With a heavy mind the old woman ambled through to the bright and airy drawing room beyond the personal chambers of the House of Apollo. She never received guests beyond the heavy double doors that guarded her family home. It was a pleasantly appointed spot and were it not for the large warthog head glaring down from his lofty perch above the mantelpiece then the old matriarch might have spent more time getting to know the large sash windows and the soft settees.

Barely ten minutes later and there was an urgent knocking at the door. Nana Darling cleared her throat and bade the knocker to enter. Muffled voices preceded a creaking sound as the door gently swung open revealing a ruffled Hopps standing before a red-faced old woman. Nana Darling set her brow in a hard expression before she nodded to the page.

“Out of the way you young whippersnapper,” the strong voice of the Greenwood matriarch bellowed through the demure drawing room.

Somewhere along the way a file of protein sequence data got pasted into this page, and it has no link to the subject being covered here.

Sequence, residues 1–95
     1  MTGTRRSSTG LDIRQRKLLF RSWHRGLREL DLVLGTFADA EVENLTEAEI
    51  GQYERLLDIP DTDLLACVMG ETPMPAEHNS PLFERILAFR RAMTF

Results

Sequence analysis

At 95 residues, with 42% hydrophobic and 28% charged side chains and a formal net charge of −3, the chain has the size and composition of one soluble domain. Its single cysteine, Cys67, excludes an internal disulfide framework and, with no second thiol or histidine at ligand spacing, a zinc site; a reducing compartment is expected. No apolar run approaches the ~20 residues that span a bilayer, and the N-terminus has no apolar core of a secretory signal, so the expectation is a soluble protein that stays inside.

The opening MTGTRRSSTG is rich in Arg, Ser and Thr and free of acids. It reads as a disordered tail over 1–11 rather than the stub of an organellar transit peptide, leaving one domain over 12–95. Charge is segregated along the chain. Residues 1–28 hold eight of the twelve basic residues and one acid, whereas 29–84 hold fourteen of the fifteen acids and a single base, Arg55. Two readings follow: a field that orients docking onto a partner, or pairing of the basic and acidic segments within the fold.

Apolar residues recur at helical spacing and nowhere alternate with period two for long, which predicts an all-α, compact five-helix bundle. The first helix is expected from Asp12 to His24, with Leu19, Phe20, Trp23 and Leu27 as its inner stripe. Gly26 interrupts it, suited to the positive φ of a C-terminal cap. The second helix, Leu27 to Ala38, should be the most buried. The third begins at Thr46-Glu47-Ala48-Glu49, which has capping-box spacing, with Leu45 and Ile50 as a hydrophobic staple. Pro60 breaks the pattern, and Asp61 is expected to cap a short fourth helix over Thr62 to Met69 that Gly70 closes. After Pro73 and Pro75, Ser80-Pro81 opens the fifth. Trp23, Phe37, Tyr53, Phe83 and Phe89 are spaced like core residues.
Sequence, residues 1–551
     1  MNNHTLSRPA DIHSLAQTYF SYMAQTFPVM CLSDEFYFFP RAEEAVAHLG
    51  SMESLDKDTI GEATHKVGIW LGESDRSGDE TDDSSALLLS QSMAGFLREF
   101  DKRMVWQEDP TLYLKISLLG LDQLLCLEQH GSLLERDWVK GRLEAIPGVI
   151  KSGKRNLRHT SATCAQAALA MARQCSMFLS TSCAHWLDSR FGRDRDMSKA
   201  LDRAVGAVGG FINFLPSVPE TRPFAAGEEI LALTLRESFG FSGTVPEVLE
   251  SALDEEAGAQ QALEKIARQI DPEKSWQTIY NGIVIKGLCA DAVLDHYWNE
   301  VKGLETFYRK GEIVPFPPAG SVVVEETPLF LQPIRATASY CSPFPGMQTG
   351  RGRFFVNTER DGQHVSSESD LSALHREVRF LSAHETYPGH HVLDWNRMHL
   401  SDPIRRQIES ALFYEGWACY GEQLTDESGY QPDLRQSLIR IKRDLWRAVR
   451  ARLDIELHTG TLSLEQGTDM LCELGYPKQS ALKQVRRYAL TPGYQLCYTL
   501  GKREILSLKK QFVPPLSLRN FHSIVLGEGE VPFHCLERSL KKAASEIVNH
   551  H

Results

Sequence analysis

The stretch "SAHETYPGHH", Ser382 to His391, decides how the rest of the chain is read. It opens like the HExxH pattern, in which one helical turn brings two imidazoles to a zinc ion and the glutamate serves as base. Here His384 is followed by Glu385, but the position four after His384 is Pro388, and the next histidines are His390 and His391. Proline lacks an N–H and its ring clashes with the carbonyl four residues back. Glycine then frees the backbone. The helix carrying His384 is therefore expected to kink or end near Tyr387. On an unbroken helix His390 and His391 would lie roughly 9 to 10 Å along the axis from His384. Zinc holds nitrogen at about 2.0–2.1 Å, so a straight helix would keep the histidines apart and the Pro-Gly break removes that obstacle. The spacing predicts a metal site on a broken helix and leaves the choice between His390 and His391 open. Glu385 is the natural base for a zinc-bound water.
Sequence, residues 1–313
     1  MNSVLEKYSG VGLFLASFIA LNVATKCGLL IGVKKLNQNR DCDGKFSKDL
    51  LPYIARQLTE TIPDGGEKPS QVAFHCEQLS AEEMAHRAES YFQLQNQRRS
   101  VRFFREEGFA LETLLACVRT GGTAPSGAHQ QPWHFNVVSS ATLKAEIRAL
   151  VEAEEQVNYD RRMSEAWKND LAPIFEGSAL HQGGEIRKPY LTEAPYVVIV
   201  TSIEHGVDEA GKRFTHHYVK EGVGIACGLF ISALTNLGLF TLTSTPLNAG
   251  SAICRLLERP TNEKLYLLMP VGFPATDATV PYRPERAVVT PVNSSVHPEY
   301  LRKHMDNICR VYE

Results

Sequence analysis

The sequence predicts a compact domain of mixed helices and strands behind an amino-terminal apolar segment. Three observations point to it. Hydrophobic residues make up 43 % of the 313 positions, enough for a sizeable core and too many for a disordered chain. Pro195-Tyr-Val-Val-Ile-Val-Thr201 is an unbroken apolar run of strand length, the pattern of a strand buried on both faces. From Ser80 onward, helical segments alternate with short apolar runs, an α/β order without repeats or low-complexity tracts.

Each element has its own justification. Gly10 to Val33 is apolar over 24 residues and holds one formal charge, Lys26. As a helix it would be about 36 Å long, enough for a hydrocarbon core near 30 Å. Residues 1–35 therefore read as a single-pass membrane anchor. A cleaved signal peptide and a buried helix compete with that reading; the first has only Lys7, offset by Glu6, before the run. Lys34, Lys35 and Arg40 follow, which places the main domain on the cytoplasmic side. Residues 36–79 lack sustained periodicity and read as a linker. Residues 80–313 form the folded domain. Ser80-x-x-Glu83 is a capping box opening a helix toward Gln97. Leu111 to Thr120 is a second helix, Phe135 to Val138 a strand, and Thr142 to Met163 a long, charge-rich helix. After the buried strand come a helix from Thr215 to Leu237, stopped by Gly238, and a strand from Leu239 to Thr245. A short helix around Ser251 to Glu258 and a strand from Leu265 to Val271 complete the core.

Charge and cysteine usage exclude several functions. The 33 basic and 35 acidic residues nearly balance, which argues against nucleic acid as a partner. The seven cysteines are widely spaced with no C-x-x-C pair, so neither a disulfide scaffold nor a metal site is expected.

“Yes Ma’am,” Hopps replied through gritted teeth, hastily seeing the visitor into the room before making a sharp exit leaving the two elderly women alone, staring one another down. If they were cats they would have been slowly circling one another, backs arched, tails fluffed up and growls emanating from deep within their aged throats.

“Winifred,” Nana Darling uttered softly.

“Katherine,” came the tart reply.

“Do sit down. Would you care for some tea?”

“I thank you, that would be most pleasant.”

Granny Whinny glanced about the drawing room, rubbing anxiously at the material of her fraying dress. It was the most presentable garment she owned and had been proudly worn to esteemed Acrabian occasions ever since the latest generation of Greenwoods had started tumbling about the ramshackle house, but here in this room, stood beside that woman, it seemed somehow dreary and misshapen.

The visitor walked slowly towards her royal counterpart and carefully took a divan, smoothing down her dress for stray sprigs of hay and dirt as she went. Nana Darling kept her icy blue gaze trained on Whinny’s creased eyes. Inwardly she cursed herself for allowing herself to feel pity for the other woman’s discomfort. She had to remain strong. It was the only way to survive this encounter without spending the rest of the week rankled and out of sorts.